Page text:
The implications of this research apply most directly to the issue of recruiting men into the nursing profession. Little has been said about the advantages and rewards of relationally oriented work: it is much more attractive to extol the virtues of careers with rewards such as greater power, prestige, or pay. Men who are potentially interested in nursing may benefit from knowing what qualities in their career are rewarding and important to men who are currently practicing professional nursing. The prospective male nurse could benefit from knowing that men in nursing feel they have been enriched by being able to express both masculine and feminine traits as nongenderized human traits in their personal and professional lives. Further research is needed to explore how men develop peer support networks in a profession that is dominated by women, and whether retention issues are different for men and women in nursing. Focusing on these unique experiences of being a man in nursing may have a favorable impact on the overall nursing shortage.

References

  • Aldag, J.C. (1970). Occupational and nonoccupational interest characteristics of male nurses. Nursing Research, 19, 529-534.
  • Aldag, J.C., & Christensen, C. (1967). Personality correlates of male nurses. Nursing Research, 16, 375-376.
  • Angrist, S.S., & Almquist, E. M. (1975). Career contingencies. New York: Dunellen.
  • Bern, S. (1974). The measurement of psychological androgyny. Journal of Consulting and Clinical Psychology, 42, 155-162.
  • Bern, S. (1981). Bern Sex-Role Inventory. Palo Alto: Consulting Psychologists Press.
  • Brod, H. (1987). The making of masculinities: The new men's studies. Boston: Allen & Unwin.
  • Brown, M. (1986). "Why won't they let us deliver babies?" RN, 49, 61-62.
  • Bush, P.J. (1976). The male nurse: A challenge to traditional role identities. Nurse Forum, 15, 390-405.
  • Cattell, R.B., Eber, H.W., & Tatsuoka, M.M. (1970). Handbook for the sixteen personality factor questionnaire. Champaign, 111: Institute for Personality and Ability Testing, Inc.
  • Christman, L. (1980). Vantage point: Equal employment opportunities. Nursing, 10, 74.
  • Christman, L. (1988a). Men in nursing. The Annual Review of Nursing Research, 6, 193-205.
  • Christman, L. ( 1988b). Men in nursing. Imprint, 35, 75.
  • Cooper, G.L., Lewis, B.I., & Moores, B. (1976). Personality profiles of long serving senior nurses: Implications for recruitment and selection. International Journal of Nurses Studies, 13, 251257.
  • Davis-Martin, S. (1984). Research on males in nursing. Journal of Nursing Education, 23, 162-164.
  • Egeland, J, & Brown, J. (1988). Sex role stereotyping and role strain of male registered nurses. Research in Nursing and Health, 11, 257-267.
  • Fairhurst, G.T., & Snavely, B.K. (1983). A test of the social isolation of male tokens. Academy of Management Journal, 26, 353-361.
  • Galbraith, M. E. (1987). The comparative importance of relationship versus nonrelationship oriented factors for men in the nontraditional employment of nursing. Loma Linda, CA: Loma Linda University School of Nursing. (ERIC Document Reproduction Service No. ED 279 971)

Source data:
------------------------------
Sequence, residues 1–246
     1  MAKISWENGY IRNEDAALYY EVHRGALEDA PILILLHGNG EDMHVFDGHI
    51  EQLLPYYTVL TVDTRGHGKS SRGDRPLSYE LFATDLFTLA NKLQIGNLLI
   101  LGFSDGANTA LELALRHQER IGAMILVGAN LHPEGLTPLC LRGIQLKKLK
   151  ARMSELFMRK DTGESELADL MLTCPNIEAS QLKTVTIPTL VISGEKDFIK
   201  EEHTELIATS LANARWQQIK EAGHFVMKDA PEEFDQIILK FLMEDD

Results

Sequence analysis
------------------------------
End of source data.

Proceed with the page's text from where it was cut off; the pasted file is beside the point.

• Garvin, B.J. (1976). Values of male nursing students. Nursing Research, 25, 353-357.
  • George, J., & Quattrone, M. (1989). Opposite sex stand-in nurses. Journal of Emergency Nursing, 15, 53-54.
  • Gumley, C.J., McKenzie, J, Ormerad, M.M., & Keys, W. (1979). Personality correlates in a sample of male nurses in the British Royal Air Force. Journal of Advanced Nursing, 4, 355-364.
  • Hardy, L. (1988). Men in nursing: A perspective. Alberta Association of Registered Nurses Newsletter, 44, 9-10.
  • Holt, EX. (1982). A male nurse is more than muscle! RN, 45, 102-104.
  • Johnston, T. (1979). The sexist in nursing: Who is safe? Nurse Forum, 18, 204-205.
  • Laroche, E., & Livneh, H. (1983). Regression analysis of attitudes towards male nurses. Journal of Psychology, 113, 67-71.
  • Laroche, E., & Livneh, H. (1986). The factorial structure American attitudes towards male nurses. The Journal Social Psychology, 126, 679-680.
  • Lemkau, J.R (1984). Men in female dominated professions: Distinguishing personality and background features. Journal of Vocational Behavior, 24, 110-122.
  • MacDonald, M.R. (1977). How do male and female students rate on empathy? The American Journal of Nursing, 77, 998.
  • Mannino, S. (1963). The professional man nurse: Why he chose nursing and other characteristics of men in nursing. Nursing Research, 12, 185-188.
  • Marks, L.N. ( 1980). Nursing is not a women's profession. RN, 43, 81-86.
  • Mayo, R.P. (1976). A nurse can be a man or a woman. The American Journal of Nursing, 76, 1318-1319.
  • Nieva, VF., & Gutek, B.A. (1981). Women and work: A psychological perspective. New York: Praeger Publishing Co.
  • Okrainec, G. (1986). Men in nursing. Canadian Nurse, 82, 16-18.
  • Reiner, J. W. (1982). Editor's introduction. Work and Occupations, 9, 267-269.
  • Schoenmaker, A., & Radosevich, D.M. (1975). Men nursing students: How they perceive their situation. Nursing Outlook, 24, 298-303.
  • Segal, B. E. (1962). Male nurses: A case study in status contradiction and prestige loss. Social Forces, 41, 31-38.
  • Taylor, E.W., Dwiggins, R., Albert, M., & Dearness, J. (1983). Male nurses: What they think of themselves and others. RN, 46, 61-64.
  • Tumminia, P.S. (1981). Teaching problems and strategies with male nursing students. Nurse Educator, 6, 9-11.
  • Tumminia, P., & Peterson, B. (1984). Recruitment and retention of men in nursing. The Journal of Practical Nursing, 34, 30-32.
  • Vaughn, D. (1984, March). Men in nursing. California Nurse, 79, 6-8.
  • Vaz, D. (1968). High school senior boys' attitudes towards nursing as a career. Nurse Research, 17, 533-538.
  • Williams, RA. (1973). Characteristics of male baccalaureate students who selected nursing as a career. Nursing Research, 22, 520-525.

TABLE 1

Factor Loadings of the Six Scales

TABLE 2

Sex Role Identity Classifications According to the BSRI-S for the Five Groups of Respondents

TABLE 3

F Tests and A Priori Contrasts Comparing Relationship-Oriented Factors of Men in Nursing and Early Education with Men in Engineering

10.3928/0148-4834-19910401-11

Sign up to receive

Journal E-contents